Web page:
Perhaps you've noticed at times that the "dark" part of a crescent Moon isn't completely dark. Sunlight reflected by Earth casts an eerie glow on the shaded lunar disk, in a phenomenon known as earthshine. The cloudier it gets, the more light Earth reflects onto the Moon, so measuring earthshine is a good way to track cloud cover. And by monitoring earthshine over a period of several years, astronomers have discovered what might be an important factor for predicting climate change.
Since 1999, Enric Pallé (Big Bear Solar Observatory, California) and his colleagues have measured the intensity of earthshine and hence, the percentage of sunlight that Earth reflects. By combining ground-based lunar observations with archived satellite data on clouds, they have calculated Earth's "reflectance" all the way back to 1985. The earthshine results show a long-term dip in cloud cover of about 6.5 percent between 1985 and 1997, then a roughly equal increase between 1997 and 2003.
The observed decrease might have significantly warmed the Earth by letting more sunlight in. "The changes through the 1980s and 1990s are a little more than twice what's attributed to global warming," says Philip R. Goode (New Jersey Institute of Technology), one of Pallé's collaborators. But Goode is careful to point out that the changes observed could simply be part of a natural cycle that averages out over time, in which case there would be no lasting impact.
Another complicating factor, says climate modeler Richard T. Wetherald (National Oceanic and Atmospheric Administration), is that clouds don't just block solar radiation — they also help retain heat by trapping infrared radiation emitted from Earth's surface. "Changes in cloud cover can warm, cool, or keep things the same," depending on their altitude, he says. High-altitude clouds are better at trapping the Earth's heat, and don't reflect sunlight as well, so they tend to give a net heating effect. Low clouds have an overall cooling effect, and mid-range clouds are more or less neutral.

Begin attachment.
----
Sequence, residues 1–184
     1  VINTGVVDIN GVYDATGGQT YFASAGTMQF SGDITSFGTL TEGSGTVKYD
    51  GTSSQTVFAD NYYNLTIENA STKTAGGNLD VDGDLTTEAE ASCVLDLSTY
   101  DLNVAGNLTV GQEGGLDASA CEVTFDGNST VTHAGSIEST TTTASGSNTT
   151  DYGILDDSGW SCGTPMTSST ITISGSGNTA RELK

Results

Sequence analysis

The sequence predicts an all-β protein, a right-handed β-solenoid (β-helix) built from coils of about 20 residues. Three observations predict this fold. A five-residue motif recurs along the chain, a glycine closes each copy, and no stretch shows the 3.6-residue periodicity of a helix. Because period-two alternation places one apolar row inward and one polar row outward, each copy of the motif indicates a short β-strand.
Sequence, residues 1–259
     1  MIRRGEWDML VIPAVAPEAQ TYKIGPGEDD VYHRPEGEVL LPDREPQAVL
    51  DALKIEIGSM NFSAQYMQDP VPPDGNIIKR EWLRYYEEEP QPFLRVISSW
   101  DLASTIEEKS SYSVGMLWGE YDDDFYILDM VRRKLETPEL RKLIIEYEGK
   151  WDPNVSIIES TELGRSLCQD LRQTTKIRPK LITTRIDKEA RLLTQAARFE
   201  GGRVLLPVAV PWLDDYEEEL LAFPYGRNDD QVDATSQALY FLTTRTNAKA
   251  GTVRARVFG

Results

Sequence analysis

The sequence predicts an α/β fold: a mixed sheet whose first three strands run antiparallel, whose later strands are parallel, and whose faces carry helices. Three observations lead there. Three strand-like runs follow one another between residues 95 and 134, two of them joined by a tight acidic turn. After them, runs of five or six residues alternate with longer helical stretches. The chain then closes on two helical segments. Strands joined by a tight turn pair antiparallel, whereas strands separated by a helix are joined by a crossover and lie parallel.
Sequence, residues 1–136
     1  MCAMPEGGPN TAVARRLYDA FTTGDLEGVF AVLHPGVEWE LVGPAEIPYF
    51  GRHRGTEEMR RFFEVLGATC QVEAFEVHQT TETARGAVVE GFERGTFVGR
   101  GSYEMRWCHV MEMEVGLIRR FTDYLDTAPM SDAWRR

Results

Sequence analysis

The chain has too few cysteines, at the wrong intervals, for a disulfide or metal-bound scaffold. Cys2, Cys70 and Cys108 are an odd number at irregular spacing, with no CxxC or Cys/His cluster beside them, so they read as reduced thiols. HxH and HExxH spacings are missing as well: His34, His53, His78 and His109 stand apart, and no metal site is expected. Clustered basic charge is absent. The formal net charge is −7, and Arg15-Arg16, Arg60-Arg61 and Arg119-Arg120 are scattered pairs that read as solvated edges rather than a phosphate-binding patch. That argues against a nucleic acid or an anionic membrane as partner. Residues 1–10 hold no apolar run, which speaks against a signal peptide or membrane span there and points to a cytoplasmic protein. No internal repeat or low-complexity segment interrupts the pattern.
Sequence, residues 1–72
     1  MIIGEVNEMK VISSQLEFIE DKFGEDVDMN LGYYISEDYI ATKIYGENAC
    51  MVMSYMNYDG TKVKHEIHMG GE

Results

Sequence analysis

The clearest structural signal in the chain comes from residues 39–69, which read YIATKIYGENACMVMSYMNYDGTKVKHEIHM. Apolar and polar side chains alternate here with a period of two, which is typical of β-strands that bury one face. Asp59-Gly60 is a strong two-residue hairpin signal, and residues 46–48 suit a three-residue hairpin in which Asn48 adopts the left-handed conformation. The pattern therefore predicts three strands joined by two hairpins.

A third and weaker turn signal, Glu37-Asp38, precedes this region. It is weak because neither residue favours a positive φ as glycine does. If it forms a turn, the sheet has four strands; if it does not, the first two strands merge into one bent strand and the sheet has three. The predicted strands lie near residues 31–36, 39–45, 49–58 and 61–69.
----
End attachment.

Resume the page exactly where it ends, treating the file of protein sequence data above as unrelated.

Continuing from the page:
"If real, [cloud cover variability] is a phenomenon that has heretofore been unincorporated into our understanding of climate variability," says Ellsworth G. Dutton (National Oceanic and Atmospheric Administration), who heads the Solar and Thermal Atmospheric Radiation project.
Goode thinks the variability is due to natural causes rather than human influences, but he is as puzzled as anyone else about what the specific mechanism might be. "Either way, we need to make more observations," he says. The group is now trying to organize a network of earthshine observatories that will provide backup when weather conditions prevent observations from a single given site. The group would also like to acquire data over the entire 11-year solar cycle, which is known to affect Earth's climate.